And why should I care about SMART goals?
Short answer: because it will make your life as a teacher so much easier.
Keep reading for the long answer!
What are SMART Goals?
SMART goals sprang from the idea that specific goals are more likely to be accomplished than generic goals. It’s the same kind of thinking behind IEP goals and benchmarks.
Like IEPs, SMART goals are very specific, include a plan of action and a timetable. They are also realistic and measurable.
While SMART goals were developed to help individuals and businesses, they work for the classroom, too.
Essentially, all of your teaching and progress monitoring and student goal setting should be SMART. In other words, don’t do stuff or plan stuff or teach stuff just because. Do everything with a purpose.
It will take some time to learn and implement, but it can be done. And it can be easy. I started one subject at a time. I tackled math first since it is SO concrete. And I started with just my struggling students.
For each student I looked at current levels and areas that I knew they were weak. For example, one student didn’t know her multiplication facts. Here is my goal for “Susie:”
Notice how I simply answered each part (SMART) of the goal. I also didn’t make the overall goal too broad (0-12 facts, multiplication and division, etc.). I noted what the student could already do (use manipulatives to solve multiplication), as well as how I would be achieving it (teaching one fact family at a time) and measuring it (weekly assessments). Finally, I established a timeline for the goal. In this example, I started to really focus on this in early October, giving me ample time to achieve the goal while also setting a firm (but flexible) deadline.
Now, if you have to teach the whole class or a small group multiplication, you can expand this goal to include them. Or you can tweak it for other subjects, topics, and needs.
As you meet each goal, set a new one. For “Susie,” the next goal might be the 6-10 multiplication fact families, followed by the 11 and 12 multiplication fact families. As the student accomplishes one thing, you progress to the next harder level.
Not so SMART
Goals and goal setting are a major player in education right now. And there might be a tendency to go overboard with them. Suddenly, there is a SMART goal for every person, every thing, and every minute of the day.
Don’t do that.
Instead, prioritize. Can you create on whole class goal using the SMART method? This could be used for unit or lesson planning to really identify the path to mastery of each topic. Do only certain children REALLY need this kind of goal? I tend to use SMART goals mostly with students receiving special education services (IEP goals are SMART!) or for students that are on my “watch list,” kids who are struggling or that I am concerned about.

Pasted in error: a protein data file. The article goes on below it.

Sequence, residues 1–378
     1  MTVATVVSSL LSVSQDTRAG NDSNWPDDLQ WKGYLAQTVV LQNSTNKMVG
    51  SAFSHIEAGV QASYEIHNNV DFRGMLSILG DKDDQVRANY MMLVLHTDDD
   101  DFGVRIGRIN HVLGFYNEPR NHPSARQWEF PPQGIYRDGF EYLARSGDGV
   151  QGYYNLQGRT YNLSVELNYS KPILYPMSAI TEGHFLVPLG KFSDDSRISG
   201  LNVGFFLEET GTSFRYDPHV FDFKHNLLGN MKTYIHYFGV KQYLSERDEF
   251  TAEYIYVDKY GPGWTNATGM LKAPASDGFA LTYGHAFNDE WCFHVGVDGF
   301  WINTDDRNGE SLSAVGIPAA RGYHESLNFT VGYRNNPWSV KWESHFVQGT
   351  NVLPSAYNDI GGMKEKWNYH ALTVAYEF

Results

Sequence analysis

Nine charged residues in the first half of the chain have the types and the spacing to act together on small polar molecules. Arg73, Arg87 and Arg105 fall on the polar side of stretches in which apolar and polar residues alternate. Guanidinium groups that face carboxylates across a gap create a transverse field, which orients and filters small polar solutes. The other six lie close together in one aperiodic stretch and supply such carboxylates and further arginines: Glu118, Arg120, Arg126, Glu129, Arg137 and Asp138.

There might also be the tendency to get TOO specific. Let’s remember that we are dealing with kids here. What worked yesterday might sink like a ton of bricks today. So instead of specifying one particular method of teaching X to a child, maybe write “using a variety of proven methods.” That could include a whole swath of ways to teach, like manipulatives, worksheets, games, flashcards, small group, one-on-one, etc. Don’t limit yourself, is essentially what I am saying.
Avoid getting too hung up on deadlines. Again, these are children. You could avoid giving a specific date, and instead write “between January and February.” That gives you a range and allows for unplanned for events, like snow days, fire drills, or illness. Also, don’t be afraid to reassess your timeline. If you have an end of the calendar year limit, but the child just isn’t making progress, go to your school based team and ask for help. Push the deadline out until the end of January. Try something new after Winter Break. If it doesn’t 100% happen by your original date, the world will not end. I promise.
Why You Want to be SMART
As mentioned above, SMART goals help to streamline and focus instruction. I know that before I started to use them, I would have papers and project and assignments scattered around my room. Using a goal based teaching system for my planning purposes helped me to narrow my focus.
For whole class instruction, I could use the grade level learning standards. Ask: What precisely do the kids need to know to achieve mastery? Then find materials that support that. It doesn’t have to all be worksheet either. I am a huge supporter of using whiteboard and desks to complete work, as well as playing games galore in the classroom. But instead of being time fillers, each game was now tied to a learning goal that I had created based on the standards and what my kids were capable of at that moment.
The most important thing for me was to write it down and organize it. There are definitely different levels of this, and it can get WAY fancy. I went simple: post-it notes stuck into my master planner. I write it down, file the master copies of each material I need using my system, and then I’m done. My week(s) are planned out way in advance, thanks to SMART goals!
Most importantly, I know what my kids are working towards every minute of every day. Even if the room looks like glitter exploded everywhere.
How do you use SMART goals in your classroom?